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Vaishnav ‘vivah’ Weddings In Andhra

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January 10th, 2009 | Category: Traditional Weddings

The most important factor in the weddings among the Vaishnava Brahmin community belonging to the Andhra Pradesh, a south Indian state, is the matching of horoscopes of the boy and the girl, although the family background and the tradition are also considered. For them it is essential that the ‘gothrams’ (ancestral lineage) of the two families are different. In their weddings it is important that the seven ‘rishis’ or sages too must have different names. These ‘rishis’ were the celestial beings from whom the human race is supposed to have originated.

Once the horoscopes of a boy and girl are compared and matched an auspicious date is fixed for the engagement ceremony that starts with a ‘Ganapathi Puja. In the presence of elders from both families the parents exchange ‘Thamboolams’/platters containing betel leaves, betel nuts, fruits, flowers, vermilion and ‘pasupu’(turmeric) along with the marriage document known as ‘lagna patrika’ which the ‘pujari’/priest reads aloud to the elders , the acceptance of the alliance between the two families. The time, date and venue for the wedding are also fixed at this time.

In the ritual ‘Kalyana rata’, the first pole, decorated with turmeric powder, mango leaves and ‘rangoli’ designs, of the wedding ‘pandal’/canopy erected for the wedding rites, is fixed firmly into the ground amidst the chanting of Vedic mantras by the priest.

‘Nalugu’, purely a ladies function held one or two days prior to the wedding has the bride and the groom in their respective houses anointed with oil by the elders and after an oil bath they wear silk outfits and a mark, ‘Kalyana thilakan’ is made on the forehead with vermilion. The bride and the groom remain in their homes till the completion of the wedding ceremonies. In the same evening the ‘sumangalis’(not widows) pound turmeric and the bride distributes ‘thamboolams’ containing bangles, vermilion, flowers and fruits to the ladies who, in turn, bless her for a long happy married life.

Now onwards a wind instrument, ’nadeswaram’, similar to the clarinet, but bigger, is played for all auspicious ceremonies accompanied by a ‘melam’ or drum.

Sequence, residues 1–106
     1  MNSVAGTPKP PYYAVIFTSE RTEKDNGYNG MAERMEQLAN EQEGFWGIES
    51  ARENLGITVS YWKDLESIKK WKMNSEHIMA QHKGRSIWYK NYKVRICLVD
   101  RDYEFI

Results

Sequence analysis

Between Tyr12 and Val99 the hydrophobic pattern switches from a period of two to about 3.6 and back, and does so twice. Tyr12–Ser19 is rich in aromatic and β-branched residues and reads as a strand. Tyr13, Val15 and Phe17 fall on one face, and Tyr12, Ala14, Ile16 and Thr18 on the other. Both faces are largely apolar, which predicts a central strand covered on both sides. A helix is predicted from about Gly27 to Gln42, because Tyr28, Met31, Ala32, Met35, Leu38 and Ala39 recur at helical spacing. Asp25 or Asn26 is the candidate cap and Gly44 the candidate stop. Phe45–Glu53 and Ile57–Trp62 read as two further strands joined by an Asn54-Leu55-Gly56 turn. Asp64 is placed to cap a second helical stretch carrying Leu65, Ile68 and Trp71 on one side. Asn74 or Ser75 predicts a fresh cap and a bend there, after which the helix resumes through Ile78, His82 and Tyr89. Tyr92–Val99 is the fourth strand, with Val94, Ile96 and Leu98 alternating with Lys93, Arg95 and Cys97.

Then a small ‘puja’/prayer is held with the bride in silk outfits. Nine types of grains, ‘Navadhanyams’, are sprinkled on nine white-painted, soil-filled earthen plates and kept for sixteen days to germinate. After the wedding, on the sixteenth day, the ‘mangalsuthrams’, 108 strands of sacred thread dipped in turmeric and twisted, are strung together. This ritual is followed by the immersion of the germinated grains in a flowing stream.

All wedding rituals start with ‘Snathakam’ in which the groom, after an oil bath, ‘mangala snanam’ conducts a ‘puja’/prayer before ‘agnihotram’, the sacred fire, dressed in a ‘pancha’/dhoti and an upper cloth called ‘angavastram’. Then he makes a mock pilgrimage known as ‘Kashi yatra’ renouncing all worldly pleasures. He is stopped by the bride’s brother who pleads with him to abandon his plan, instead lead a family life with his sister. After much cajoling the groom agrees to get married.

At this time the bride performs ‘Gowri puja for the blessings of Goddess Gowri Devi. The bride’s maternal uncles lift her and carry her to the ‘kalyana mandapam’ where she is seated opposite the groom and a screen is held between them to prevent to see each other till the auspicious time (‘shubhamuhurtham’) for the wedding ceremonies.

The bride is draped in an attractive costly silk sari, auspicious color being red, but other bright colors are also preferred and it is lavishly embellished with fine embroidery zari works. The upper part of the body is covered with a jacket known as blouse or choli that highlights the sari. Her hair is adorned with a special type of flowers. The gold bridal jewelry is decorated with unique Hyderabadi pearls. She wears dazzling earrings, necklaces and a lot of bangles, anklets and toe-rings. The groom is seen in a dhoti worn in the traditional style.